a transient protection device provided in each twisted pair for protecting against transient-induced damage to power converters at the central office or at the compact remote.
13. The arrangement claim 12, wherein the transient protection device does not include a fuse or a voltage controlled switch.
14. The arrangement claim 12, wherein the transient protection device is a series switch that disconnects a given power converter from a given twisted pair to momentarily interrupt power on the given twisted pair during the transient and re-connects the given power converter to the given twisted pair after the transient has subsided.
15. The arrangement claim 12, wherein the downstream electronics represents a load requiring in excess of 100 watts.
16. A method of apportioning electrical power received over a plurality of telephone twisted pairs at a plurality of independent remote power converters of a remote power source so not to exceed 100 watts of power on a given twisted pair, comprising:
controlling, from at least one power source, electrical power over each twisted pair so that electrical power on a given twisted pair does not exceed 100 watts, the at least one power source enforcing a power limitation on how much a given remote power converter can provide to power downstream electronics so as to provide cascaded sharing of power at the remote power source.
17. In load equipment adapted for receiving high-voltage electrical power from a central office source via at least one telephone wire twisted pair and converting the high voltage power to a low-voltage output for powering a load, the load equipment including a plurality of independent, isolated power converters, a method of synchronizing the power converters during start-up for sharing the load, comprising:
delaying, during the start-up operation, enabling of a low voltage to be output from at least one of the plurality of isolated power converters so as to synchronize the plurality of isolated power converters.
18. The method of claim 17, wherein said step of delaying is a function of at least one threshold for initiating a delay.
19. The method of claim 17, wherein said step of delaying is a function of a size of an energy storage capacitor in an input path to a given load power source.
20. In load equipment adapted for receiving high-voltage electrical power from a central office source via at least one telephone wire twisted pair and converting the high voltage power to a low-voltage output for powering a load, the load equipment including a plurality of independent, isolated remote power converters, each remote power converter including a capacitor on an input thereto that is tied to a timer of the remote power converter for delaying, during a start-up operation, enabling of a voltage to be output from the corresponding remote power converter until the capacitor has fully charged, so as to synchronize the plurality of remote power converters during start-up.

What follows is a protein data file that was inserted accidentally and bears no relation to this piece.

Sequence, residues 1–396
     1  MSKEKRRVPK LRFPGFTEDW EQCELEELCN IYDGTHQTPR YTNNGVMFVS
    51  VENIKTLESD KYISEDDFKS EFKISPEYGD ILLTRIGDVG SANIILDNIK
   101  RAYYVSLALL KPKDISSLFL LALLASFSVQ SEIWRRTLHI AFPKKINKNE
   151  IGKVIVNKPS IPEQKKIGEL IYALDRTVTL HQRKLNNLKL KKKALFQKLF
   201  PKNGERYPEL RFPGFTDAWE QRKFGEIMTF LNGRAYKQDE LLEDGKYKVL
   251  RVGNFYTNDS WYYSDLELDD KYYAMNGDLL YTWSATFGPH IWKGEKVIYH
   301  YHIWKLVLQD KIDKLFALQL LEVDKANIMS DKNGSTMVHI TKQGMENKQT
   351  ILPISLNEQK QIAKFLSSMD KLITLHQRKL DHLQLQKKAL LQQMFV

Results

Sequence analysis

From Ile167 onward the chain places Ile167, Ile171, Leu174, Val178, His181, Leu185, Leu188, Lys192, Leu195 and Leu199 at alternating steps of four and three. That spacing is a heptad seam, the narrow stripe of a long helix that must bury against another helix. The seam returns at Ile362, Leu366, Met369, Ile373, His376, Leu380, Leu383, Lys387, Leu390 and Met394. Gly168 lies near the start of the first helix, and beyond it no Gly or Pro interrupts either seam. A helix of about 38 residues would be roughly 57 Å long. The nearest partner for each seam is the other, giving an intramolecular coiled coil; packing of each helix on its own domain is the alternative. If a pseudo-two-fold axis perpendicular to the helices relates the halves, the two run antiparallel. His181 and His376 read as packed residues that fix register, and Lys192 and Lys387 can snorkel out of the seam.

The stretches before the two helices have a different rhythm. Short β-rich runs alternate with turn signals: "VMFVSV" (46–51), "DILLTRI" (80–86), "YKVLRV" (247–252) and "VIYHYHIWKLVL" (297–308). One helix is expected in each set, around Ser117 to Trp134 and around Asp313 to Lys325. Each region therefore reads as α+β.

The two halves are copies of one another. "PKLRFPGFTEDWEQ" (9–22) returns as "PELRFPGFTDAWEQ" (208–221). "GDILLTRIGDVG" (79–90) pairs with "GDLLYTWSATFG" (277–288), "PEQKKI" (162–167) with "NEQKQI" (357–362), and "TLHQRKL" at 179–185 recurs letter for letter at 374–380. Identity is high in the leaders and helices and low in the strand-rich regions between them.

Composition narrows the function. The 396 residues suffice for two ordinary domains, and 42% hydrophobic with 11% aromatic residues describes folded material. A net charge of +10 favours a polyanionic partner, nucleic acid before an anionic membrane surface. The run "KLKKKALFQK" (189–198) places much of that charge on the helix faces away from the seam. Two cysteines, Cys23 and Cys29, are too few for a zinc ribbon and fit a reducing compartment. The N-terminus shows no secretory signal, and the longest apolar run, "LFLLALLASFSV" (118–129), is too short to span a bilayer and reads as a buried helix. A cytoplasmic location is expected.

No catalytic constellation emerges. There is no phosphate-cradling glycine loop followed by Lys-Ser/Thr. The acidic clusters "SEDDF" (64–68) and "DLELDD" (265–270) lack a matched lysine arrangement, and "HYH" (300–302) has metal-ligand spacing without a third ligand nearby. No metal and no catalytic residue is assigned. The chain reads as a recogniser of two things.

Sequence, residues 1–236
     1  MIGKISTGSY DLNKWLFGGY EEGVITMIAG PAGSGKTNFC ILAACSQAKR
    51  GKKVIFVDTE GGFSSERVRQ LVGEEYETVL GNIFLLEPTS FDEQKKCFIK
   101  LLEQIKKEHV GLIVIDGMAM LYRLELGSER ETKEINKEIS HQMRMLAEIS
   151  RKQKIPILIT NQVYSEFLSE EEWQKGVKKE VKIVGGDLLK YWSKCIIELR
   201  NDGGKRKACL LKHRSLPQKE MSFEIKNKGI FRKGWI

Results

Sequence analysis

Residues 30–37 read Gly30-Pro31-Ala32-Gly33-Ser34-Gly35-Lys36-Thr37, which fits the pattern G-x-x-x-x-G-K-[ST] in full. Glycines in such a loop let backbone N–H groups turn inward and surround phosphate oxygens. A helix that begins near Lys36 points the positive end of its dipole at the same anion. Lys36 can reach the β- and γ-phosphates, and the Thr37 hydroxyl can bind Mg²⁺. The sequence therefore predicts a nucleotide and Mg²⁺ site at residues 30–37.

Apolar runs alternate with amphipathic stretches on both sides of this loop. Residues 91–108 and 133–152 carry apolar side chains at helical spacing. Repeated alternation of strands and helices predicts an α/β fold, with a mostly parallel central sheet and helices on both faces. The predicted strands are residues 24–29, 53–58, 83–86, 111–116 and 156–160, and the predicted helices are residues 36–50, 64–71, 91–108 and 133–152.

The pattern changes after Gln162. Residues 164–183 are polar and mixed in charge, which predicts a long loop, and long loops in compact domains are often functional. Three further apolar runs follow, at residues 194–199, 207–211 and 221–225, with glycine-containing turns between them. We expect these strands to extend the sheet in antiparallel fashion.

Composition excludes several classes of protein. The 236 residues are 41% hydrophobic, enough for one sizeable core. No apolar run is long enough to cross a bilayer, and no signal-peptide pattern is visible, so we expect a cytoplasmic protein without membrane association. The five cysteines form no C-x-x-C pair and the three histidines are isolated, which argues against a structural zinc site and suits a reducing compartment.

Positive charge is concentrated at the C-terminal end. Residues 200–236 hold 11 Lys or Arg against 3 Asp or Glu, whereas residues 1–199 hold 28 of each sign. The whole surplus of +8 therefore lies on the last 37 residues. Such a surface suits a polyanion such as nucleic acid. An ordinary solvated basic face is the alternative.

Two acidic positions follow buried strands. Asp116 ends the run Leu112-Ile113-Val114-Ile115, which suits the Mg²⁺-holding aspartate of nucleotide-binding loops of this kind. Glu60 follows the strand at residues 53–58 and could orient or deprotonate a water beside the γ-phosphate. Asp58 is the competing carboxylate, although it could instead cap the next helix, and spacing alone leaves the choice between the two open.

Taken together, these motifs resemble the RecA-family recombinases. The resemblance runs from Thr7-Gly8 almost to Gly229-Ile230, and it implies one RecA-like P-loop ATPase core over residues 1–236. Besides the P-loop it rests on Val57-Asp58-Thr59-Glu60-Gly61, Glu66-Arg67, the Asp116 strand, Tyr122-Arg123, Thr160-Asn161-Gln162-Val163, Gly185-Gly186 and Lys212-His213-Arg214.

21. In an arrangement for transmitting electrical power over a telephone twisted pair between a central office power source and a compact remote power source for powering remote electronics downstream from the compact remote power source, a device for protecting against transient damage, comprising:
a series switch that disconnects power from the twisted pair to momentarily interrupt power on the given twisted pair during the transient and re-connects power to the given twisted pair after the transient has subsided.
22. The arrangement of claim 21, wherein
the central office power source includes at least one isolated source power converter for transmitting electrical power feeds over at least one twisted pair, and
the series switch is arranged between the two wires of the twisted pair at the at least one source power converter.
23. The arrangement of claim 21, wherein
the compact remote power source includes at least one isolated power converter for producing a voltage output based on receipt of a given power feed from a corresponding twisted pair, and
the series switch is arranged between the two wires of the twisted pair at the at least one remote power converter.
24. A central office power node for delivering electric power over a telephone twisted pair to a compact remote for powering remote downstream electronics, comprising:
at least one isolated source power converter for converting electrical power a source voltage to be transmitted over at least one twisted pair, and
at least one power limiter provided in the at least one twisted pair for limiting electric power over the twisted pair to no more than 100 watts.
25. A compact remote for receiving electrical power over at least one telephone twisted pair from a central office power supply so as to power electronics downstream from the compact remote, comprising: